HARD ACTION NEEDED TO STOP CLIMATE CATASTROPHE
Embargo 10.00pm New Zealand time
19 February 2001: Auckland: Greenpeace today warned that to avoid a climate change catastrophe hard action is urgently needed.
The warning follows the findings of the Inter-governmental Panel on Climate Change (IPCC), the worlds leading experts in the field, which finalised its third assessment report on the impacts of climate change in Geneva today.
Climate change is primarily caused by the burning of fossil fuels, releasing billions of tonnes of carbon dioxide, a greenhouse gas, into the atmosphere every year.
“The IPCC report shows that we are facing a climate emergency”, said Sue Connor Greenpeace campaigner. “It is time for all governments to take this threat seriously, by rapidly increasing investment and support for a renewable energy future”.
“The only way to avoid the worst impacts of climate change is to reject fossil fuels and rapidly change over to renewable energy, such as wind, solar and hydrogen”, said Connor. “It is abundantly clear that we cannot afford to delay the renewable energy revolution”.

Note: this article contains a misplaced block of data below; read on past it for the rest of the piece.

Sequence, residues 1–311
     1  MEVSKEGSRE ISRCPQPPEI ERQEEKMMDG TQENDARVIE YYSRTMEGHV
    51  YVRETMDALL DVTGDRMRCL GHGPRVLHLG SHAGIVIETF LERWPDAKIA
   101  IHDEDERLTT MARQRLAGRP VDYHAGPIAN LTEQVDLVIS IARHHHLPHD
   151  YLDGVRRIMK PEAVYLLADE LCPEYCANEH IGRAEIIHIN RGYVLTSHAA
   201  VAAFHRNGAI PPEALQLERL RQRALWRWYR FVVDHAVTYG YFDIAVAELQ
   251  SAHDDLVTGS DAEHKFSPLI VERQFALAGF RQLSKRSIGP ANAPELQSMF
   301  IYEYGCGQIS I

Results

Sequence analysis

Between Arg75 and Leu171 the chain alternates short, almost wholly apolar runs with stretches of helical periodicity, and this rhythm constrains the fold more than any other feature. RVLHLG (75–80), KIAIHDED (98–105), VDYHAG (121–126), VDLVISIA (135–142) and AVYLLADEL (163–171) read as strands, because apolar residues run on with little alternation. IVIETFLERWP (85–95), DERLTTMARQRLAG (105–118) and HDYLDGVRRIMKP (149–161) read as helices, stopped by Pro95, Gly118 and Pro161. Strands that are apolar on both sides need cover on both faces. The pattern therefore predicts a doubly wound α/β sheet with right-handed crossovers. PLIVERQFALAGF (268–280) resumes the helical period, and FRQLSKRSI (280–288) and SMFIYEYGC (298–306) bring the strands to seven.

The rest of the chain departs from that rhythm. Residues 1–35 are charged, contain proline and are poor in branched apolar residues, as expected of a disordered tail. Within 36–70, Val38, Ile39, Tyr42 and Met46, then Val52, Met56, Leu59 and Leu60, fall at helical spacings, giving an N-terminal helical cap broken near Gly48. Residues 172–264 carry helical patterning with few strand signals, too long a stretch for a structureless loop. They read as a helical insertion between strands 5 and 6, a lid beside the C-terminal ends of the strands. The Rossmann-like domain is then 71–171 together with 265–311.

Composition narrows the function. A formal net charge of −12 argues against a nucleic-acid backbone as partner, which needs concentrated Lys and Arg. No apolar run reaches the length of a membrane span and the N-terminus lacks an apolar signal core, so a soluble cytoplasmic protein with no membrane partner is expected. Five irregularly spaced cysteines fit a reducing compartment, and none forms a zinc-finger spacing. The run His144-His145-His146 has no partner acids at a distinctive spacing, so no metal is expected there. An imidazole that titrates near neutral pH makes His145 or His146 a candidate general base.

“If we do not reduce the release of greenhouse gases we risk large scale and irreversible impacts, such as the melting of the Greenland and Antarctic icesheets, shutting down of the Gulf Stream, and massive releases of greenhouse gases from melting permafrost and dying forests”, said Connor
“New Zealand’s unique ecology could be devastated by climate change”, said Connor. “The report notes that some species with restricted ecological niches could become endangered or extinct, and that New Zealand’s freshwater wetlands are vulnerable”.
“The impacts of climate change will hit the entire globe, from the meltdown of icesheets and glaciers to the flooding of small Island states with massive ecological, social and economic disruption”, said Connor.
Greenpeace is calling on the government and fossil fuel industries to immediately and generously invest in new renewable energy such as wind, solar and hydrogen.
For more information
please contact Sue Connor, Greenpeace campaigner on (09) 630
6317 or 025 927